We grew, but how?

THE third-quarter growth results exceeded expectations. It’s all very well and good but how did we reach this rate? The 8% growth in industry is understandable but is there anyone who can explain the 0.8% growth in the services sector? What about the 9.2% rise in consumption expenditures? How arewe going to interpret this growth in consumption under such conditions?

The Turkish economy grew by 6.7% in the third quarter compared to the same period of the previous year. This is a fantastic rate, well above expectations, which mostly revolved around 5%. I previously wrote that a growth rate above 5% is not generally expected. Just like everyone else, I was mistaken, too.

With the 6.7% growth in the third quarter, the total growth of the economy reached 0.5% in the first nine months of the year. The annual growth of the economy became 2% as of the third quarter. What’s important are the details between the lines. The third-quarter growth rate is nice but it’s important to look at the details in terms of how we achieved it.

Let’s get one thing clear: Growth essentially means production. More and more production. You either consume what you produce or export it. But the origin and the starting point is production. The rates show
us that Turkey produced well in the third quarter. This argument was already proven with industrial production.

Industrial production increased but did this increase boost consumption of the produced goods? Of course, there’s no such thing as the “consumption of industrial goods”, we need to look for this consumption in other indicators. These indicators are the final consumption expenditures of
households. The final consumption expenditures of residents and non-residents increased by 61.2% in durable consumer products, reaching a new record-high. Vehicles, especially automobiles, were the main reason behind this rate. The increases in semi-durable consumer goods and non-durables were 8% and 6%, respectively. The consumption expenditures in the services sector decreased by 16%.

Durable goods, semi-durable goods, non-durables and services…The increase in these four consumption groups was only 0.6%. It’s obvious that the burden of the services sector is very heavy; that’s why the total increase neared zero. It’s not possible to distinguish residents and non-residents completely but we can see the change in residents’ consumption, as TurkStat provides this rate. Residents’ consumption expenditures increased by 9.2% above last year’s level.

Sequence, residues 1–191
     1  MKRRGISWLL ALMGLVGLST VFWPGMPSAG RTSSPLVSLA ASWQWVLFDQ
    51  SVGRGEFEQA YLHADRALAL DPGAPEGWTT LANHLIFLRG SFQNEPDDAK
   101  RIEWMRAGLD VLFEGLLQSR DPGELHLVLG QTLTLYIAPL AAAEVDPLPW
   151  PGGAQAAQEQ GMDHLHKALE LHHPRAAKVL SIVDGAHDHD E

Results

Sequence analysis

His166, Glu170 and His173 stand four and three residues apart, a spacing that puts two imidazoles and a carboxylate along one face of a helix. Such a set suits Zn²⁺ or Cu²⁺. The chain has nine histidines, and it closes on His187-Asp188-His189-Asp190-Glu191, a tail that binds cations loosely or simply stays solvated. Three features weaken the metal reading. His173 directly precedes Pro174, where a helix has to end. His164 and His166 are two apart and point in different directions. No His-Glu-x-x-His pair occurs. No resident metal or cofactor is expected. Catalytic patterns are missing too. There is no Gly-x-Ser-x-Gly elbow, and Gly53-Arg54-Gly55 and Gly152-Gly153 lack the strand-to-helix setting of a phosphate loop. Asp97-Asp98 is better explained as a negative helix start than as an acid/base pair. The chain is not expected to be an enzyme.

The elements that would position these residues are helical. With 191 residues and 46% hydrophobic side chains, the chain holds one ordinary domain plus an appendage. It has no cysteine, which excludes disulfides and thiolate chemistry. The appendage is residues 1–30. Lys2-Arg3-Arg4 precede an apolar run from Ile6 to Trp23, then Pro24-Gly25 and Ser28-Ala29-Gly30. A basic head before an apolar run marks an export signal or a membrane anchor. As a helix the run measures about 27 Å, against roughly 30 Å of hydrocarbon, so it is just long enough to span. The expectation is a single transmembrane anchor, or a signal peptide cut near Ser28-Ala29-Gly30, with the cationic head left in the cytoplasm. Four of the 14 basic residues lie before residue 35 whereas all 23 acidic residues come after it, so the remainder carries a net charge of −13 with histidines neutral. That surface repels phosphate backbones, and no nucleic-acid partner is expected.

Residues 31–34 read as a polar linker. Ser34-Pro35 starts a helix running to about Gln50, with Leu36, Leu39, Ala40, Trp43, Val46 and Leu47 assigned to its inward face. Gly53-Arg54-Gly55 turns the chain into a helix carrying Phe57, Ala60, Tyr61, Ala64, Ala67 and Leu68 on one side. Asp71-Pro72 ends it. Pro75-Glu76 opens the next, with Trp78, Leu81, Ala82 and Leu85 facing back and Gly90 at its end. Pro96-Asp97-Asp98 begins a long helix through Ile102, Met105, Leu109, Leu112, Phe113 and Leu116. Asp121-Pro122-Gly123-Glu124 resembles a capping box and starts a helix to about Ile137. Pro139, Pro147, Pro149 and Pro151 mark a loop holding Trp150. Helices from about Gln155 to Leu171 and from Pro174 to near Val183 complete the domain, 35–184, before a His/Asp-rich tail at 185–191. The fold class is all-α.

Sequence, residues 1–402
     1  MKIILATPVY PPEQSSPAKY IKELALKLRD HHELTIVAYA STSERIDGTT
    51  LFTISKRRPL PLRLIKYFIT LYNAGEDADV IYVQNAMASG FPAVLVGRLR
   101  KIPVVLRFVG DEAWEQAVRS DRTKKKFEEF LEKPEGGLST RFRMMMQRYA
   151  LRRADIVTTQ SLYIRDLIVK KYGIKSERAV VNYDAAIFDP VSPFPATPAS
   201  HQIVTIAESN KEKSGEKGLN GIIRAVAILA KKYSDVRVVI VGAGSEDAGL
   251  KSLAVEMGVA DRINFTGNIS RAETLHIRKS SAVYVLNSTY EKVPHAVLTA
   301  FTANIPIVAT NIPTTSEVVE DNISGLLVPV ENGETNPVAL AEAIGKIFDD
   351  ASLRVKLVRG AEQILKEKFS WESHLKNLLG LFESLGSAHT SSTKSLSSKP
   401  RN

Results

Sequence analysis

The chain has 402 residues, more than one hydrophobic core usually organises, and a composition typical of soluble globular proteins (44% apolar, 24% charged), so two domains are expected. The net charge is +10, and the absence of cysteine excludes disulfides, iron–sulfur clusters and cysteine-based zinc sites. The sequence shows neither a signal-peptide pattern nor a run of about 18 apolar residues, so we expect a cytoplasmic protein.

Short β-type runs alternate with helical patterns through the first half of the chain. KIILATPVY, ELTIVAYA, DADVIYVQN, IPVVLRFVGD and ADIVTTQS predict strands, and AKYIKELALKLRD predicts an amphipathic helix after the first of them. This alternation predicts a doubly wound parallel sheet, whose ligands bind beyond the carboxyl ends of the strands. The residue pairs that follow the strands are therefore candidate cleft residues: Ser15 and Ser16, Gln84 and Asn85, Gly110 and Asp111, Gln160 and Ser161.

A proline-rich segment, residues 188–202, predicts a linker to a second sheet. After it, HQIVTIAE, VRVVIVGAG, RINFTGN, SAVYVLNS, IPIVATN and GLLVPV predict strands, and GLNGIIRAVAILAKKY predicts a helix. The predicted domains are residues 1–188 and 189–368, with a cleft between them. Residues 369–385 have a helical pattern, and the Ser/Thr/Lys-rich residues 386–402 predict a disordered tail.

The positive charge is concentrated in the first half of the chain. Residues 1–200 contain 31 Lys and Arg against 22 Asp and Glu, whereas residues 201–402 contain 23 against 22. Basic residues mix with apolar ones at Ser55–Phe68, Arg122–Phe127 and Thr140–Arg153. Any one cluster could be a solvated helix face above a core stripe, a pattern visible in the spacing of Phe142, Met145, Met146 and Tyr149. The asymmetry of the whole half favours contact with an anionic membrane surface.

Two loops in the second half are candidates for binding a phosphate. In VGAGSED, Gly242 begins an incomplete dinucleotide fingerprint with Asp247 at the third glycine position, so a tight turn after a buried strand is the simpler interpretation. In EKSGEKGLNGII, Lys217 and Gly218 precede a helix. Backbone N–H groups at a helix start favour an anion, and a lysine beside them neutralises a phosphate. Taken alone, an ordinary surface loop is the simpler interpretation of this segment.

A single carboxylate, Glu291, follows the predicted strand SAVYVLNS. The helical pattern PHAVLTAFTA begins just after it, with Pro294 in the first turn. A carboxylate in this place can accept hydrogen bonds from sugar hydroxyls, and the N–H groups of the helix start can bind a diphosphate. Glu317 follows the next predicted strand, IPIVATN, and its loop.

Let’s stop right here, take a deep breath and think about this for a second. People increased their consumption expenditures by 9.2% in the third quarter. If you includeconsumption, people bought 109 automobiles this year versus 100 automobiles last year, ate 109 kilograms of tomatoes this year versus 100 kilograms last year and consumed 11 kilograms of meat versus 10 kilograms last year. They managed this under these conditions, at such a a time when businesses were closed and people became unemployed, at such a period when those who are employed also limited their consumption to save a few bucks with the worry of losing their jobs. The source of this rise in expenditures? Loans. What will happen when the repayment of those loans begins?

Growth in services a surprise

Among all sectors, tourism experienced the most issues in the third quarter. This was normal, as the whole world experienced similar issues. Officials repeatedly said foreign tourism was well below last year’s level. Last year’s figures were also low in domestic tourism.

Tourism is included in the services sector item in GDP, which is calculated through the production method. In addition, accommodation, trade and transportation are also included in the same item. In the best possible scenario, tourism decreased by
half this year while trade is no better than last year, similarly transportation. But the services sector,
which is composed of these branches, grew by 0.8%. This rate is, of course, calculated with fixed prices.
I couldn’t understand this 0.8% growth hence was not able to interpret it. If there’s an argument such as
“we made (wrote) it, so it happened,” then I wouldn’t know. I would be happy if there’s an explanation and
they announce it.

Let’s not forget that there was a 24.6% contraction in the services sector in the second quarter. It’s not clear how a sector that declined by nearly 25% in a single quarter could to grow in the next quarter when the conditions for the contraction didn’t change. Services has the biggest impact on GDP growth – nearly 22-23%. That’s why a change in this sector has a major effect on the total GDP.

Leave a Reply

Your email address will not be published.